Numerous examples of leading-edge industrial technology were showcased on the Heidenhain stand at Southern Manufacturing 2017, including encoders, touch probes, precision motors and advanced CNC controllers. The firm demonstrated the ease with which digital data can be transferred to and from its most recent CNC system, the high-performance TNC 640, which is capable of controlling all 3-, 4-, and 5-axis machining centres including those with turning tables. Consistent with the aims of Industry 4.0, the communication functionality enables all participants in a paperless order handling environment, including design, programming, simulation and production planning staff as well as machinists on the shop floor, to communicate and exchange data seamlessly. The control uses plain language programming and has an optimised interface that the firm claims gives users unrivalled insight into system operation. Functionality for mill-turn centres includes simple program-controlled switchover between milling and turning, comprehensive canned turning cycles for frequently repeated operations such as roughing, finishing, recessing and thread cutting, constant surface speed, and tool-tip radius compensation.
The company’s latest range of touch probe systems were a key feature of the stand. Intended for aligning and measuring workpieces, tool setting and detecting cutter wear and breakage, they are ideally suited for use with Heidenhain’s TNC controls. Innovative features like mechanical collision protection, combined infrared and radio data transmission, and smart battery management ensure low cost of ownership.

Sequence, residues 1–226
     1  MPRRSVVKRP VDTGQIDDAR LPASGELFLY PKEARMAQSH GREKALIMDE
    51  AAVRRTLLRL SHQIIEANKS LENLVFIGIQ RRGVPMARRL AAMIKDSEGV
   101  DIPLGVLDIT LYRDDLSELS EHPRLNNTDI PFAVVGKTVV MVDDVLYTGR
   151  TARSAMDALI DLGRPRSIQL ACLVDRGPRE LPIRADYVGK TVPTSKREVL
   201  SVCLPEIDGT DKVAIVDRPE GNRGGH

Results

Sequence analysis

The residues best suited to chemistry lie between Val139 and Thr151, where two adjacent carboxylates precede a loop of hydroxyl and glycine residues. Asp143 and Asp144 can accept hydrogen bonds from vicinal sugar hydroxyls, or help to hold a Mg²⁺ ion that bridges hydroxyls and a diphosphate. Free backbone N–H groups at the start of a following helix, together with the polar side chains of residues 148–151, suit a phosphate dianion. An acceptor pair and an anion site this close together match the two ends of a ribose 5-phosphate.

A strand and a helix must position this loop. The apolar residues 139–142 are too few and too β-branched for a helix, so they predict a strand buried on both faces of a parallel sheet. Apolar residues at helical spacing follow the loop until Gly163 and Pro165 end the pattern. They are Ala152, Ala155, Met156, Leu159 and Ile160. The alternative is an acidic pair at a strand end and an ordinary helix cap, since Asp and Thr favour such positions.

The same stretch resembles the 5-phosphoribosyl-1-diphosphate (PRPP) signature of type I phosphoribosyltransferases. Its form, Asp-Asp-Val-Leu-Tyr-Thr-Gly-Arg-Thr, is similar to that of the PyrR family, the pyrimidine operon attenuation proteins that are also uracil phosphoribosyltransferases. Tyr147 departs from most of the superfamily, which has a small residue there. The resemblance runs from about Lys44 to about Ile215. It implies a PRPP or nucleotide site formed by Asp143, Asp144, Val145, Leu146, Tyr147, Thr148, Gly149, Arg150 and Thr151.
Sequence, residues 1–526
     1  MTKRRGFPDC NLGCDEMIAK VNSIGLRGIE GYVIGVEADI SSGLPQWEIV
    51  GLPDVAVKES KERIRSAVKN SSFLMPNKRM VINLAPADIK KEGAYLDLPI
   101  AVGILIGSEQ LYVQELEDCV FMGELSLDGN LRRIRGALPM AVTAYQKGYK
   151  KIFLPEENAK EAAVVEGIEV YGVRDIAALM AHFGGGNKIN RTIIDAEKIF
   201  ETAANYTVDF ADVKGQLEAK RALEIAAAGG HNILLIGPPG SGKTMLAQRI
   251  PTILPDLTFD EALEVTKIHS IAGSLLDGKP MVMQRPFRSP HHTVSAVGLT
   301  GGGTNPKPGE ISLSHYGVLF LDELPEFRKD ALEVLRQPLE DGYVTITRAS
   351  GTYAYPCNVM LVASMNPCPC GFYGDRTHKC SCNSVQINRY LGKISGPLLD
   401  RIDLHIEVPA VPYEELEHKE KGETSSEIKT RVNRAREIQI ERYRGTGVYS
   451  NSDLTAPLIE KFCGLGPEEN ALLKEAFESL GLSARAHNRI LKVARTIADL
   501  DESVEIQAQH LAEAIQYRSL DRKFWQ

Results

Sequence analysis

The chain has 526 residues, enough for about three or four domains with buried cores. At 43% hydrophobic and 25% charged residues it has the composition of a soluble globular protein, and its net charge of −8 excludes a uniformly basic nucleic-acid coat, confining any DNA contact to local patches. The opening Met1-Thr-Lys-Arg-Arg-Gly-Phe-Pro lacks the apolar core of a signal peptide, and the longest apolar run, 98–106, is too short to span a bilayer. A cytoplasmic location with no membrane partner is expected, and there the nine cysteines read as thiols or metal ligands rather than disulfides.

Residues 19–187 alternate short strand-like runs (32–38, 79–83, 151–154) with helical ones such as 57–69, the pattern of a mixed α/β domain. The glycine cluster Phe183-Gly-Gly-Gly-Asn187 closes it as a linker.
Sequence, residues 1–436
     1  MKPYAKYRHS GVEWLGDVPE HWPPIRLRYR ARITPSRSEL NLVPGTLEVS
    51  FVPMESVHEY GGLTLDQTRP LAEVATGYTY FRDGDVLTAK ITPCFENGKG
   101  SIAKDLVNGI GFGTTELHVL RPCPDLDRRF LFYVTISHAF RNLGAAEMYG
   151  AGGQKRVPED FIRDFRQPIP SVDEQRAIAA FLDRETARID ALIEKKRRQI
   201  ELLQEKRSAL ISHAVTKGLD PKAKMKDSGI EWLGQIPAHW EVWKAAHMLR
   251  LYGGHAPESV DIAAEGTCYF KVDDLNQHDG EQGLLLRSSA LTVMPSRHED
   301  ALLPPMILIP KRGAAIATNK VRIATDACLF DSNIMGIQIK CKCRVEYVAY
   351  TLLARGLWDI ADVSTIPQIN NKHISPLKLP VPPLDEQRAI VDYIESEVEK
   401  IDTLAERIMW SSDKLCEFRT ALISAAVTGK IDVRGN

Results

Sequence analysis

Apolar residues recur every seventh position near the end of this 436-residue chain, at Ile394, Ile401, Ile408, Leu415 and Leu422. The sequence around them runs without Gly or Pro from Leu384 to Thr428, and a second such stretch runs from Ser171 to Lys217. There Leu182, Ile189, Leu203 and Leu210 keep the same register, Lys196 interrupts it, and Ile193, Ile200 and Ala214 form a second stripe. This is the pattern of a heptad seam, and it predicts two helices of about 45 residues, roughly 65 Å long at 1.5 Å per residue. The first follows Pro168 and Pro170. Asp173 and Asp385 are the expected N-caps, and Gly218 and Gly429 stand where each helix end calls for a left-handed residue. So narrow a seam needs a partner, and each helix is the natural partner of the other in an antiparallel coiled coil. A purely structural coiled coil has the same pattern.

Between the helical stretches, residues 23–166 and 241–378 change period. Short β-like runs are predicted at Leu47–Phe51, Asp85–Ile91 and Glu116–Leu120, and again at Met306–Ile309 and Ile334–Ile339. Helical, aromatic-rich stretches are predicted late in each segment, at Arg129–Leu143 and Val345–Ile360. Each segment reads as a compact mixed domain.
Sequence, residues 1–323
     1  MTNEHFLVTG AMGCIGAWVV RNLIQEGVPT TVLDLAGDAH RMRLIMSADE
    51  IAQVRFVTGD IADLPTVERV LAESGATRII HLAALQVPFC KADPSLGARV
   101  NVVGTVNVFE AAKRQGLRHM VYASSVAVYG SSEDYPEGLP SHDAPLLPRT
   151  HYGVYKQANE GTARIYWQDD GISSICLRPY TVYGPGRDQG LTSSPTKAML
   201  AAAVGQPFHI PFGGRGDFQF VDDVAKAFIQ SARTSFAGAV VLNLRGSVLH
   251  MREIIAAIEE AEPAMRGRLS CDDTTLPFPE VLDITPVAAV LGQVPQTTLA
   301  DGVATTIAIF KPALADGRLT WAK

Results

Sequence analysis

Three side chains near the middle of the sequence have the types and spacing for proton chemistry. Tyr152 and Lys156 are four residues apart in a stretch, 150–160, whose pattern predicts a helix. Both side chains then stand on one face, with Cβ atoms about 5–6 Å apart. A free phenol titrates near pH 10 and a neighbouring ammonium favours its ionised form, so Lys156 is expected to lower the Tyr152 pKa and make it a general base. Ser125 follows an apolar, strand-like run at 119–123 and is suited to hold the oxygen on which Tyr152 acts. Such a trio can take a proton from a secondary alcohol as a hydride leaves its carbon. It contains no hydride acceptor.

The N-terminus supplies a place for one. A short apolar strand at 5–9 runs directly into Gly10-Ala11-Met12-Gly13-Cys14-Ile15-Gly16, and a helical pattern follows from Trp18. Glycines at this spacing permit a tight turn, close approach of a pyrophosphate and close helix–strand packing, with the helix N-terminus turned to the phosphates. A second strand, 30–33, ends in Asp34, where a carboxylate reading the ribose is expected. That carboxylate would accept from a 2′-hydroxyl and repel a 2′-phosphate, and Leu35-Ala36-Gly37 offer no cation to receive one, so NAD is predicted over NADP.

Examples from Heidenhain’s extensive programme of high precision linear and rotary encoders were also highlighted. Incremental and absolute linear encoders can be supplied either sealed to resist contamination or exposed to provide higher speed and precision. Applications range from manual and CNC machine tools to semiconductor manufacturing requiring nanometre resolution. Exhibited also were contamination-resistant encoders from Heidenhain subsidiary AMO, Austria, which produces inductive tape scale linear and angle measuring systems that combine the accuracy of optical encoders with the robustness of magnetic types.
Linear and rotary encoders on show from German company, Numerik Jena, included vacuum-compatible products for positioning tasks in such sectors as electronics, medicine, thin-film deposition and analytical technology. The company is also known for miniature encoders with ultra-small dimensions and a low weight scanning head.
The full torque motor range from Swiss company ETEL, part of the Heidenhain group, completed the comprehensive selection of solutions on show. With more than 100 models to choose from, almost any requirement can be met, says Heidenhain. All ETEL motors benefit from very low cogging. The patented construction enables an exceptional peak force density in the magnetic gap, as well as unparalleled thermal efficiency, which is a significant advantage for high precision machines sensitive to thermal drift.
Find out more at www.heidenhaingb.com